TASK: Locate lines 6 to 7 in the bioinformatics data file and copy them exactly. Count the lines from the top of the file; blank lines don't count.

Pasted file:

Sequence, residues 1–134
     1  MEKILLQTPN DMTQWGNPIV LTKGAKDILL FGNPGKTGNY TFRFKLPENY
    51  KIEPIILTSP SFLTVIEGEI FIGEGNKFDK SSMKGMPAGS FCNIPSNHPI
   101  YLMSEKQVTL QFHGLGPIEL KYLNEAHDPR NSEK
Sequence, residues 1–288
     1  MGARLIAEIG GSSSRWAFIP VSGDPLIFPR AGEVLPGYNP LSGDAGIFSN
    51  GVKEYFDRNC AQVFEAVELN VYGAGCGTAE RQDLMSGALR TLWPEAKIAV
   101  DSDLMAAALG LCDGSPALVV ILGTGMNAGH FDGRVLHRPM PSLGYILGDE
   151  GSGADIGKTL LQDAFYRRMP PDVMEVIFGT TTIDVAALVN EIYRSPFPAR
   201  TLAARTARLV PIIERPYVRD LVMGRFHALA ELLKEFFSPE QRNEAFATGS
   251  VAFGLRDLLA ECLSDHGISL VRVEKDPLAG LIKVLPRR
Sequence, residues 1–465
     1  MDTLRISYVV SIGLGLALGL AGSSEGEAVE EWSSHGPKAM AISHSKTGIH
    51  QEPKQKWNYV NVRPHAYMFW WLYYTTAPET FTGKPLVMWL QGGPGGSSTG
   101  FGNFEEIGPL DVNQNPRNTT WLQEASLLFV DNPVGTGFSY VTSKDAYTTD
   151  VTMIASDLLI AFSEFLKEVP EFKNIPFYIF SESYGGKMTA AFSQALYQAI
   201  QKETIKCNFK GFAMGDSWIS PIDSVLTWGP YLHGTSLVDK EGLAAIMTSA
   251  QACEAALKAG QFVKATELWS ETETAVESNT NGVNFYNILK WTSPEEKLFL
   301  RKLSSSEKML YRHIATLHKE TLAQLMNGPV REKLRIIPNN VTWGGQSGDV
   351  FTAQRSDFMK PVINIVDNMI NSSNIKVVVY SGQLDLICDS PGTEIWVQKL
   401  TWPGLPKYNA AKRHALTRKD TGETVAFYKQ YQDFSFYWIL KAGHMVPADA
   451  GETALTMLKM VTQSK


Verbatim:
     1  MGARLIAEIG GSSSRWAFIP VSGDPLIFPR AGEVLPGYNP LSGDAGIFSN
    51  GVKEYFDRNC AQVFEAVELN VYGAGCGTAE RQDLMSGALR TLWPEAKIAV